Mudslides have forced the closing of both Highway 13 in Mendota from 2nd Street and Lexington Avenue, and the closing of the Big Rivers Regional Trail from the Lilydale Trailhead to Mendota at Highway 13.
Highway 13 is in danger of coming down on the trail; mud certainly has. Current expectation is that the closure will last through June 17 for the highway. No ETA on the reopening of the trail has been provided.
Motorists are being advised to use Highway 110 or 35E as alternates. Generally, the best alternate for the Big Rivers Trail in that corridor is Highway 13 (oops). There are a variety of other routes through the area — but it depends on if you’re up on the top side of the bluff to start, or if you’ve crossed at the 35E bike bridge or come via Lilydale Road. Either of these routes leaves you a very limited group of options to get to the same end point as the trail does. Highway 13 down to Victoria and the Victoria Curve is one potential approach to get to Mendota, should you wish to do so. Dodd Road to Mendota Heights Road is a reasonable route to the southern Big Rivers Trailhead, although Dodd may be higher speed than many Big Rivers aficionados prefer.
In general: You may wish to consider riding/skating/running elsewhere for a bit.
UPDATE: Fellow Streets.mn board member and St. Paul Bicycle Coordinator Reuben Collins has posted this picture of the mudslide to Twitter. Don’t think you’ll dodge the barricade and just ride through. You won’t.
While the cape is a nice touch to suggest “Super Mom!” the use of both a helmet and a cape is contradictory. Having tried to ride in a cape (it was Halloween, okay?), I don’t recommend it. Cape + wheel is pretty hazardous, a la the classic animated feature The Incredibles.
He was a giant for transportation, not only in Minnesota, but in the United States. He was a member of the House Transportation Committee for his entire term of office (1975-2011). I met him several times, the first time being in 2010 while he was Chair of the House Transportation Committee. I was in Washington for the National Bike Summit. He hosted the Minnesota delegation, first in his office — which was a place of pilgrimage for many of the Bike Summit attendees, not just the Minnesota group — and then in the committee chamber for the Transportation Committee. We got to see one of his bikes, parked safely in his office. He and his staff were warm and welcoming, which was a treat after some of the group had visited some of the other Minnesota congressional representatives.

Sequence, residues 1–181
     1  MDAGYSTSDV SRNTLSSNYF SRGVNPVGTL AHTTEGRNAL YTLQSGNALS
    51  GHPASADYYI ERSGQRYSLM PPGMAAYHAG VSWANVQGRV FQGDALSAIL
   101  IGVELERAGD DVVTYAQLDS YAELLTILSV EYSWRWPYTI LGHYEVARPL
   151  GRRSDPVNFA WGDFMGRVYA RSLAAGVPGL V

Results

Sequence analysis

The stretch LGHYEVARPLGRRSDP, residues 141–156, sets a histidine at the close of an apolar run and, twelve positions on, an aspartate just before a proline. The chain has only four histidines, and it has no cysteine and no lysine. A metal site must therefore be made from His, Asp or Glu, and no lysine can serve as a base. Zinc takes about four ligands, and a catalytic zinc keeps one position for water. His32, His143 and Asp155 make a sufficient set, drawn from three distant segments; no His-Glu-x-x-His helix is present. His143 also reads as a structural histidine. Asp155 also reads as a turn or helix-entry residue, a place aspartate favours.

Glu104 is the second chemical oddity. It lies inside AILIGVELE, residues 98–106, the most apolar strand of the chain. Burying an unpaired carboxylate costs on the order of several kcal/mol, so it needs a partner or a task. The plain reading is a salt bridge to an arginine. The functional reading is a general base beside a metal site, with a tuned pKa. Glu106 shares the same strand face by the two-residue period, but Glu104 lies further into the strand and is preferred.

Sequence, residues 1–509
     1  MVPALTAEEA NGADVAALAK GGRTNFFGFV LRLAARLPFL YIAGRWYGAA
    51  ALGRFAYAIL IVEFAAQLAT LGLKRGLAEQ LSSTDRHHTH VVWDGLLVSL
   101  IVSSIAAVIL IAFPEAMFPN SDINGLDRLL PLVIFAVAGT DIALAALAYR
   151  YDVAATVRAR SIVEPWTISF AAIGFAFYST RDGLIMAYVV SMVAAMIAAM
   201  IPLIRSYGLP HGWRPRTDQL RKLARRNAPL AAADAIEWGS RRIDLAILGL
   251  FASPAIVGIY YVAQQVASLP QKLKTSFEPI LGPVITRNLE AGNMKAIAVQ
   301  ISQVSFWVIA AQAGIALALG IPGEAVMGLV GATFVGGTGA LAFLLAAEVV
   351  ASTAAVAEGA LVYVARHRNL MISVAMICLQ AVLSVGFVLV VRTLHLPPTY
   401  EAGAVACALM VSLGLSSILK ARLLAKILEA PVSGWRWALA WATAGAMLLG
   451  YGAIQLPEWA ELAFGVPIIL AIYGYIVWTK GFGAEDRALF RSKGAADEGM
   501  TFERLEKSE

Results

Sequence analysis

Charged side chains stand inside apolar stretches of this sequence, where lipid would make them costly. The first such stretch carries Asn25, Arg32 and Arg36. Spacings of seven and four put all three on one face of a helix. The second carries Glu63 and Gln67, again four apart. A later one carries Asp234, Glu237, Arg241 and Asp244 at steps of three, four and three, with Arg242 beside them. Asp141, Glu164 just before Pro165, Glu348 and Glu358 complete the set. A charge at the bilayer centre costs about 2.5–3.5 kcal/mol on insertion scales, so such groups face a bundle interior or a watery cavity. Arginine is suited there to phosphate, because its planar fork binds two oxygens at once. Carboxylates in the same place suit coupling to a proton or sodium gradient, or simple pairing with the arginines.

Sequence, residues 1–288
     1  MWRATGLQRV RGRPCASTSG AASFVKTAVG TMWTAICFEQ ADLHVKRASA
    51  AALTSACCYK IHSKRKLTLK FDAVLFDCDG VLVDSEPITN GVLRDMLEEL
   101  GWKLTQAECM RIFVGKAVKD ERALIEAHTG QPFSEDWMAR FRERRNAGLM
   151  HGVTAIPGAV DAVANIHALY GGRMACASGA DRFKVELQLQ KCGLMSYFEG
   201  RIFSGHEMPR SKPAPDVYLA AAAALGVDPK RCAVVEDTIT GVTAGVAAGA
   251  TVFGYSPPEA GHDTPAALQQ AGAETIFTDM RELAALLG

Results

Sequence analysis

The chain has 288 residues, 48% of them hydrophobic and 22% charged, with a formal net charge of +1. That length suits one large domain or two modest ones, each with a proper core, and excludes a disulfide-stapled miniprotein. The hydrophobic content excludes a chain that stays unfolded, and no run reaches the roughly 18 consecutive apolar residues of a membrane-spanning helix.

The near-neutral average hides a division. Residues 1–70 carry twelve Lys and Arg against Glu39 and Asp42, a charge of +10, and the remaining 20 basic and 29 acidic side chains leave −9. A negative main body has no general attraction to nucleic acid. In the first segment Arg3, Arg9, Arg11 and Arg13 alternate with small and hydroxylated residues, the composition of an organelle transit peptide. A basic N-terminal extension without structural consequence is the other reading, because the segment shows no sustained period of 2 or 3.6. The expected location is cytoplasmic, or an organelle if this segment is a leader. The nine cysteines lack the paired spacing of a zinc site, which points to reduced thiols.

This was not a man talking the talk. When I had opportunities to ride with him, he was wearing bike shorts that had seen miles. He had calves, serious calf muscles, despite his age and despite his profession (which involves a lot of sitting and bloviating). He averaged 2,000 miles on a bike a year, and had been the victim of a car-bike collision. He knew what it’s like for a biker on the streets, on trails, by day and by night.
Oberstar was a passionate advocate of a carbohydrate-based transportation system. He’d taken up bicycling as a response to grief after the death of his first wife, and converted members of his staff to bike commuters. He co-authored, sponsored and helped pass the milestone SAFETEA-LU legislation in 2005. SAFETEA-LU provided not only for bridges and roads, but for public transportation support and alternative transportation. It was the launchpad for Safe Routes to Schools, a program intended to support and encourage kids to again walk and ride to school. It was also the source of $25 million in federally funded improvements for the city of Minneapolis to encourage bicycling as a significant mode share, under a program known as the Nonmotorized Transportation Pilot Program.
There’s plenty else to be said of Mr. Oberstar’s career, his congressional defeat in 2010, and his overall voting record — including transport issues, as he was an expert in aviation security and served through the years immediately following 9/11. However, there is almost no arguing that without his influence, Minneapolis would not have more than 11% bike/ped mode share. Minneapolis was the feature city in the NMTPP because the program was Oberstar’s brainchild and baby, and despite Minneapolis not being in his district (he served in MN-8, which is the Iron Range), he procured the $25 million for Minneapolis. That money paid for scores of operational projects, numerous infrastructure projects, education programs including many educational programs, additional support for Safe Routes to Schools in the local area, and even the establishment of some of Minneapolis’ first bike boulevards.
He was also a friend and ally of Oregon Congressman Earl Blumenauer, first elected to Congress in 1996, and currently one of the great friends of multimodal transport in the current Congress.
After his 2010 defeat, he remained active in the Minnesota community and continued to advocate for carbohydrate-based transportation programs. He attended multiple Minnesota Bicycle Summits, as well as events across the country.
So today, raise a glass to the memory of Jim Oberstar, a man who helped make Minneapolis the bike-friendly metropolis it is today.
This post also published at http://streets.mn/2014/05/03/in-memoriam-jim-oberstar-1934-2014/